As summer ends, a potpourri of political questions are rattling around in our heads:
House Speaker Rebecca Lockhart is applying to run Utah’s public education system. What are her chances, and should a noneducator be appointed to Utah’s highest public-education job?
Pignanelli: "A politician is a person with whose politics you don't agree; if you agree with him he's a statesman." — David Lloyd George
Wimpiness is strangling the federal government. Federal court candidates and executive branch nominees must have a history of carefully avoiding controversy and strong opinions. Otherwise, Congress and special-interest groups may oppose their appointments. I fear my beloved state is slipping into this morass. Apparently, a local university cannot honor a liberal Democrat alumnus (see Harry Reid question below) and a conservative Republican politician should not lead the public school system. This is an abhorrent situation.
Sturdy individuals who bravely challenged the established religious and political establishments founded our state. We need regular infusions of this moxie in government. Implementing a practical 21st-century vision for Utah's public schools requires a revolution inside the bureaucracy and support from the citizenry. These are impossible demands for most persons.
Lockhart deftly led the Legislature through unique challenges while managing an extraordinary large caucus of lawmakers. (A former legislative leader, I understand the pain of shepherding such bobcats.) Lockhart’s listening and public-relations skills need improvement. But her fearlessness, substance and political acumen offer inimitable potential to transform public education.
Webb: It is elitist, illogical and illustrative of what’s wrong with public education to say that no one but a trained education administrator can run Utah’s multibillion-dollar school system. While every other industry in the world has changed dramatically in the last few decades, public education operates essentially the same way it did in the 1800s. So what’s wrong with a top executive who might take a fresh look at the government school system that spends more than half of Utah’s tax dollars?
In the business world, top executives move from industry to industry. Top executives and former politicians also become presidents of universities. So why can’t an outsider with proven skills run Utah’s education system?
I don’t know if Lockhart is the right person for the job. But her application ought not to be rejected based on some silly notion that only someone from the education establishment can lead Utah’s schools.
Utah’s schools need more money and schoolteachers need higher salaries. But policymakers won’t raise taxes and won’t lift Utah from the bottom in per-pupil expenditures until they see more innovation and reform. The next superintendent, no matter who it is, won’t be able to work instant miracles. But he or she must bring fresh perspectives, bold leadership and real innovation to win support for substantially more money.
Nevada has gambling. Colorado has marijuana. Idaho and Wyoming have lotteries. These “vices” are raising money for those states. Will legal vice ever come to Utah?
Pignanelli: Although a longtime practitioner of wagering (in and outside the state), I support Utahns’ refusal to legalize gambling. Nevada was created to assume the problems associated with this fun vice. But expect legislation that allows strictly controlled marijuana for medicinal purposes.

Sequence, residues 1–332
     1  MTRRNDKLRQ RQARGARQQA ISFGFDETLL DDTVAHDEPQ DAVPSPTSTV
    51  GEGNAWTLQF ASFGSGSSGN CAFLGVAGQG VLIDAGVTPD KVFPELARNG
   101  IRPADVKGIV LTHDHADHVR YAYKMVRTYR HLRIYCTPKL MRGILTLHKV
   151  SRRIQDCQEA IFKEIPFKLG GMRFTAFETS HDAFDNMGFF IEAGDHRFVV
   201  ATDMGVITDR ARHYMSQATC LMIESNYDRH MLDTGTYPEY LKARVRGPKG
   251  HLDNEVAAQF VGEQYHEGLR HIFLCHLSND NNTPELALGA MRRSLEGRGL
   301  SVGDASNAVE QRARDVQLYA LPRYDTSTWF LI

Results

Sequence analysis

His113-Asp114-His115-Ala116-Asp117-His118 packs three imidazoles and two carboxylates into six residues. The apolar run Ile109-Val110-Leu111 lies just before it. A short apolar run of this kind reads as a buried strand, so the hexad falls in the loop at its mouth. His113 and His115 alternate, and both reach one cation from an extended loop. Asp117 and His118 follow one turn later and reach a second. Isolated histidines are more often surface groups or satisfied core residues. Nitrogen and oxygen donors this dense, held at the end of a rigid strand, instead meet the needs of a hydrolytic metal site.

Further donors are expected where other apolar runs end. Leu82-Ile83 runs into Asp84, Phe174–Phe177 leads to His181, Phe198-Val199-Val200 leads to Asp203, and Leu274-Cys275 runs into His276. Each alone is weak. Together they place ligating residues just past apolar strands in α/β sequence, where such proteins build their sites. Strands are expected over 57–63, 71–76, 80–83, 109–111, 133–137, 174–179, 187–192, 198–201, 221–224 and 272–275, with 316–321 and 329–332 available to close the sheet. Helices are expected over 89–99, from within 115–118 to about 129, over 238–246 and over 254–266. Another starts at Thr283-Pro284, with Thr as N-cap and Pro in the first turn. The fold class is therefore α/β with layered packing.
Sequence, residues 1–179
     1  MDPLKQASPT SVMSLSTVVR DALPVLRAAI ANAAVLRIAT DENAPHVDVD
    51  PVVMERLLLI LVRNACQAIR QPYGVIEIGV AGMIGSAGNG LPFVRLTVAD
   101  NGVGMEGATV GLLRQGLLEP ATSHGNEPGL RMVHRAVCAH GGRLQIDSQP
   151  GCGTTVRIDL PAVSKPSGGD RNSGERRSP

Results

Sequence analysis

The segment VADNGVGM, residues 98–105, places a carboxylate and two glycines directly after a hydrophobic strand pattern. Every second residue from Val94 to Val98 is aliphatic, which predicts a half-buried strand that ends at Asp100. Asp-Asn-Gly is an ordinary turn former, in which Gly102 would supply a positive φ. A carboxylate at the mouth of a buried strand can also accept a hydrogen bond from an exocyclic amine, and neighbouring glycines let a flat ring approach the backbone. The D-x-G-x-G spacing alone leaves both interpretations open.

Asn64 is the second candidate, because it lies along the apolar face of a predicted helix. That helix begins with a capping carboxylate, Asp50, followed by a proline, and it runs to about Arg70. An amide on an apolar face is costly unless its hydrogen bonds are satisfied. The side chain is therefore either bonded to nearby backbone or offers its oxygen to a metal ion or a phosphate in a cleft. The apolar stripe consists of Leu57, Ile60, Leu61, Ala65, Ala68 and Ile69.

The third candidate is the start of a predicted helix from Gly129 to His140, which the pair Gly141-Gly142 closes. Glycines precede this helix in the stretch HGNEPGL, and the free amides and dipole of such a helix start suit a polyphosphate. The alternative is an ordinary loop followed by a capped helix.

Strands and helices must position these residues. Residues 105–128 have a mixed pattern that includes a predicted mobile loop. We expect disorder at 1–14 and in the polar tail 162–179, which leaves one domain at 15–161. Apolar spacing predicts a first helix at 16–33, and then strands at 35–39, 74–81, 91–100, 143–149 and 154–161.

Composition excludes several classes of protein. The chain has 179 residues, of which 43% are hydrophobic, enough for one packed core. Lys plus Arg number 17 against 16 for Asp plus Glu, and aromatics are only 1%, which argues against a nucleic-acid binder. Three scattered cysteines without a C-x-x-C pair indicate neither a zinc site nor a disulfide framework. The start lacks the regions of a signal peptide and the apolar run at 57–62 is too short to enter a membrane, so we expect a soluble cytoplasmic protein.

Webb: Each state needs a competitive advantage. With more and more states legalizing gambling, lotteries and marijuana, being the last squeaky-clean state in the nation might not be a bad niche. “Come to Utah — where wholesomeness abounds.”
Seriously, Utah’s economy is highly diversified, and we don’t need to generate revenue using gimmicky schemes that exploit vulnerable people. Let’s develop more energy, not more marijuana.
After receiving protests from local citizens, Southern Utah University removed the name of its most famous alumnus — U. S. Senate Majority Leader Harry Reid — from the campus Outdoor Engagement Center. Was this an appropriate response by the university?
Pignanelli: For heaven's sakes! I travel through the Ronald Reagan Airport, attend meetings at the Wallace Bennett Federal Building, conduct business in the Heber M. Wells complex, cruise on the Norman Bangerter Highway and enjoy artwork when visiting the Marcia & John Price Museum at the University of Utah. Regardless of political differences with these Republicans, I treasure their public service. They are fellow Americans who deserve recognition.
Harry Reid has many faults, including a strong partisan streak and little vision in governance. But he is an intelligent, hardworking, devout Mormon who rose to the top of the political heap. Utahns can despise his politics but should be proud our Southern Utah University gave him such a fine education. Honoring the controversial senator on the campus ought to be a noncontroversial event.
Webb: As a mainstream Republican, I’m no fan of Reid’s politics or ideology. But I’m embarrassed over the petty and mean-spirited behavior of those who threatened to withhold funding or decline to send their students to SUU. Reid is, after all, the U.S. Senate majority leader, and he deserves respect. SUU ought to be proud to name a building after him.
Republican LaVarr Webb is a political consultant and lobbyist. Previously he was policy deputy to Gov. Mike Leavitt and a Deseret News managing editor. Email:email@example.com. Democrat Frank Pignanelli is a Salt Lake attorney, lobbyist and political adviser. Pignanelli served 10 years in the Utah House of Representatives, six years as House minority leader. Email:firstname.lastname@example.org.